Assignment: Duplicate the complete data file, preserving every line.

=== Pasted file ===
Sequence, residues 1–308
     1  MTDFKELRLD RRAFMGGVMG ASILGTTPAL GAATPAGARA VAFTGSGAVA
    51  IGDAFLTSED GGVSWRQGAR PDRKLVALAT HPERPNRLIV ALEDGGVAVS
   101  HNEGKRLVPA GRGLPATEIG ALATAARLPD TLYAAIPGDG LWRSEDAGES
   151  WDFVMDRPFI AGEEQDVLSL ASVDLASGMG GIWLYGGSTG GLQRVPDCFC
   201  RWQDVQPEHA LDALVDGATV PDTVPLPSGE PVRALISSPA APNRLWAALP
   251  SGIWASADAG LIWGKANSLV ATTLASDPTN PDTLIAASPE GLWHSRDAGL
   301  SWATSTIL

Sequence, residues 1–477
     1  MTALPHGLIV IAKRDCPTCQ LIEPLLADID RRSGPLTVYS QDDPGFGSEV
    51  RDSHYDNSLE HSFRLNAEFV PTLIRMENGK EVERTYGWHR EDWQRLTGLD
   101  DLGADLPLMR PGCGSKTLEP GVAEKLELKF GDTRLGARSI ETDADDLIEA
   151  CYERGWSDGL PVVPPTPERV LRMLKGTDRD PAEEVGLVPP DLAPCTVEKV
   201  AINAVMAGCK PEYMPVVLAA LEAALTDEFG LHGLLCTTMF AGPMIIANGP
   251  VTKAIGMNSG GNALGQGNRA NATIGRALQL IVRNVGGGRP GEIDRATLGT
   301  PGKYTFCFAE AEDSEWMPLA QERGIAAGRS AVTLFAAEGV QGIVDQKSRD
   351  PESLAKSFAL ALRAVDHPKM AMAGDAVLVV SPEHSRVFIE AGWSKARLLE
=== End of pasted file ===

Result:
Sequence, residues 1–308
     1  MTDFKELRLD RRAFMGGVMG ASILGTTPAL GAATPAGARA VAFTGSGAVA
    51  IGDAFLTSED GGVSWRQGAR PDRKLVALAT HPERPNRLIV ALEDGGVAVS
   101  HNEGKRLVPA GRGLPATEIG ALATAARLPD TLYAAIPGDG LWRSEDAGES
   151  WDFVMDRPFI AGEEQDVLSL ASVDLASGMG GIWLYGGSTG GLQRVPDCFC
   201  RWQDVQPEHA LDALVDGATV PDTVPLPSGE PVRALISSPA APNRLWAALP
   251  SGIWASADAG LIWGKANSLV ATTLASDPTN PDTLIAASPE GLWHSRDAGL
   301  SWATSTIL

Sequence, residues 1–477
     1  MTALPHGLIV IAKRDCPTCQ LIEPLLADID RRSGPLTVYS QDDPGFGSEV
    51  RDSHYDNSLE HSFRLNAEFV PTLIRMENGK EVERTYGWHR EDWQRLTGLD
   101  DLGADLPLMR PGCGSKTLEP GVAEKLELKF GDTRLGARSI ETDADDLIEA
   151  CYERGWSDGL PVVPPTPERV LRMLKGTDRD PAEEVGLVPP DLAPCTVEKV
   201  AINAVMAGCK PEYMPVVLAA LEAALTDEFG LHGLLCTTMF AGPMIIANGP
   251  VTKAIGMNSG GNALGQGNRA NATIGRALQL IVRNVGGGRP GEIDRATLGT
   301  PGKYTFCFAE AEDSEWMPLA QERGIAAGRS AVTLFAAEGV QGIVDQKSRD
   351  PESLAKSFAL ALRAVDHPKM AMAGDAVLVV SPEHSRVFIE AGWSKARLLE